Posts Tagged ‘democracy’
By listening to the current political debates in this country, one would believe that America has turned into a forest of wolves. Should we have a public healthcare option, should we send more troops to Afghanistan, should we curb executive compensation, etc. These questions, unfortunately, seem to hinge on the idea that America is a democracy. The democratic form of government is a complex creature. It is regarded today as the American form of government, which the rest of the world should strive to emulate. However, this form of government touted as civilization’s greatest accomplishment by our leaders today was despised by those who founded our country.
True liberty activists describe democracy as the worst form of government imaginable for one major reason: the majority always gets their way. The American system of governance was formed to keep government under control. Congress was given the power to vote on specific issues, and the rest were left up to the states or the people to decide. Article 1 Section 8 of the US Constitution lists 18 powers on which Congress has the authority to legislate. There are only 18 powers because the founders did not want a government that could vote on anything they wished. However, due to deceptive propaganda, most Americans believe our government to be ruled by majority vote, and that Congress has the authority to vote on anything the majority finds necessary.
I am always blown away to hear of our country’s unfailing support of democracy around the world. Not only do we support democracy so vehemently, we are willing to topple elected governments in order to install a “glorious” democracy among other countries. While these goals sound noble, even while having disastrous consequences, it is important to point out that not even the United States was meant to be a democracy, at least not the kind people speak of today.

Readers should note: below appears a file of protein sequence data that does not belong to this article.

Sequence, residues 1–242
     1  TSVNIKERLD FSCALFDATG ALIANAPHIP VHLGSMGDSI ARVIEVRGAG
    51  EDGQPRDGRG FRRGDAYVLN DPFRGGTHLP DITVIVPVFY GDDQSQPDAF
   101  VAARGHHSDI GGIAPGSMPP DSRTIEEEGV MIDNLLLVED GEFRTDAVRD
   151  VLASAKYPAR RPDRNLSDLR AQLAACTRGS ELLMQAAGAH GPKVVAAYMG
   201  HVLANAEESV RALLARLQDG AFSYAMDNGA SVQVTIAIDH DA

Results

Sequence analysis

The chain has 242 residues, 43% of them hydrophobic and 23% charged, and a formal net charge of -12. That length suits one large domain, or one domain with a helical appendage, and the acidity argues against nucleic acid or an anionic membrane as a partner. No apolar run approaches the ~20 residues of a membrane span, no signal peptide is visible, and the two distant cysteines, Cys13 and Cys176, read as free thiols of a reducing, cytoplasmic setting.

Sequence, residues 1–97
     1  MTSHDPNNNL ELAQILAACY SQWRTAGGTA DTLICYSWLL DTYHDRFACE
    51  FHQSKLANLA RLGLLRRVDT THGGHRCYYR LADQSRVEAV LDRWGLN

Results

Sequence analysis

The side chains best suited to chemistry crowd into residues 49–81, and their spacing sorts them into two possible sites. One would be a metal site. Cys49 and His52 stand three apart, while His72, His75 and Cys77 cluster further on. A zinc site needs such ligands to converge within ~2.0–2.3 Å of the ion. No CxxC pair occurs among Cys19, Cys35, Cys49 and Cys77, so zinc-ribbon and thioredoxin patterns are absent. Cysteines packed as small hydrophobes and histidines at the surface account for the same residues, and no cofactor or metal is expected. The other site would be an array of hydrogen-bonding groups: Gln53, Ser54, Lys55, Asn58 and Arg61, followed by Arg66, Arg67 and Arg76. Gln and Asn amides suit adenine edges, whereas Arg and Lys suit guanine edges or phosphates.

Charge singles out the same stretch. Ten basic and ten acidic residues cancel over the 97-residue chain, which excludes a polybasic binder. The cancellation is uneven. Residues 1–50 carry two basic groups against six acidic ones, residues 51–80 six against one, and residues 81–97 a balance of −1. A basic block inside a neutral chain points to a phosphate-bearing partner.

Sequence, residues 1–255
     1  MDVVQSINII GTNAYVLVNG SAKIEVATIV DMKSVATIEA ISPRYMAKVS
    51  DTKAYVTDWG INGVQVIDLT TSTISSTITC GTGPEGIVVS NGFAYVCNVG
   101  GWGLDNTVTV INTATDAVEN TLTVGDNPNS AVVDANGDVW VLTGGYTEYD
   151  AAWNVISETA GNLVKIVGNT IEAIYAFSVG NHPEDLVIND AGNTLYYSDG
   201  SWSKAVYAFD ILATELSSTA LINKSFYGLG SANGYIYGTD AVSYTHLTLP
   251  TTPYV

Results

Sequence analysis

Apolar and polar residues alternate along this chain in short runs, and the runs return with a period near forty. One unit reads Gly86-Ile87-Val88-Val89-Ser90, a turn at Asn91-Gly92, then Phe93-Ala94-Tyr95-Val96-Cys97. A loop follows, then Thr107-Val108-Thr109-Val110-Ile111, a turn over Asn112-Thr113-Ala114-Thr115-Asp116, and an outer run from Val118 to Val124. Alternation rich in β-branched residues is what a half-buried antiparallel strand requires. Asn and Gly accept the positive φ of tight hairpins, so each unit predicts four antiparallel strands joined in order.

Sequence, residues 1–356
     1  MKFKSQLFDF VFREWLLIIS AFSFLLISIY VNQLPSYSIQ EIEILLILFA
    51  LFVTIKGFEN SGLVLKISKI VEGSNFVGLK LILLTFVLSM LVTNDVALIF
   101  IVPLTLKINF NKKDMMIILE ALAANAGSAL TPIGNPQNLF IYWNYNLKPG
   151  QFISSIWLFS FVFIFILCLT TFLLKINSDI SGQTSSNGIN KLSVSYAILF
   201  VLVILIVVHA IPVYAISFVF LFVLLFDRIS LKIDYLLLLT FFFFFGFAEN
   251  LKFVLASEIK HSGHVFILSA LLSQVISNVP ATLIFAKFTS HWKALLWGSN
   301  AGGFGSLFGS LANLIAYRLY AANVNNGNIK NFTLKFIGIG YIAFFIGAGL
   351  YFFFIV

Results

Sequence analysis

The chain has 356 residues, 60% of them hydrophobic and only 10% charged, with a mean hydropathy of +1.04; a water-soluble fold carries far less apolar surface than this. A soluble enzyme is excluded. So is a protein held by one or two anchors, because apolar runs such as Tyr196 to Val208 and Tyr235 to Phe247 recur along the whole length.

If you asked any American what kind of government we have today, what would be their answer? More than likely, democracy would be the first word from their lips. This may be somewhat true in today’s America, but sadly it was not the intent of the founding fathers. The word democracy is not even found in the Constitution of the United States. The Constitution clearly affirms that every state in the union is guaranteed a Republican form of government. Benjamin Franklin described democracy as, “two wolves and a lamb deciding on what to have for lunch.” Alexander Hamilton said, “Real Liberty is not found in the extremes of democracy, but in moderate governments. If we incline too much to democracy, we shall soon shoot into a monarchy, or some other form of dictatorship.” John Adams is quoted, “Remember, democracy never lasts long. It soon wastes, exhausts, and murders itself. There never was a democracy yet that did not commit suicide.” Clearly the founding fathers had something against democracy, and rightfully so.
While some people can argue the point, the fact is that most see democracy as a majority rule type of government. In other words, mob rule; whatever the majority wants, must be right. Therefore if 70% of people feel that Christianity should be the only allowed form of religion in America, that would be considered right and placed into law. Same situation if the majority felt that no religion should be practiced. Obviously, just because the majority agrees, that doesn’t make it right.
A republic form of government has leaders elected by majority that are bound by a set of rules. Those rules cannot be breached, as it is against the law of the land. Therefore, there are some things the majority cannot touch, no matter how well intentioned they may believe they are. Some people could say that the type of democracy we have is also bound by laws. To which I would pose the question, “For how long?” We already have groups who want to ban guns. We have groups who want to institute universal healthcare. We have groups who would like to give the president Congress’s power of declaring war. We have groups what would like the government to illegally tap our phone lines. All of these are unconstitutional, and illegal in the United States of America. So how much longer will it be before people start believing that this country should be ruled by what the majority of people believe to be right? Winston Churchill said it best, “The best argument against democracy is a five minute conversation with the average voter.”
In his article, Republic? Democracy? What’s the Difference, Alexander Marriott claims there are two types of people who support democracy. The first are those who actually support a republic form of government, and are just too ignorant to understand the differences. The second are people who are in the majority and therefore will be able to vote themselves benefits. Our country should not support groups, no matter how large they are. Our country was founded on individual liberty, and each citizen’s individual freedom should be protected.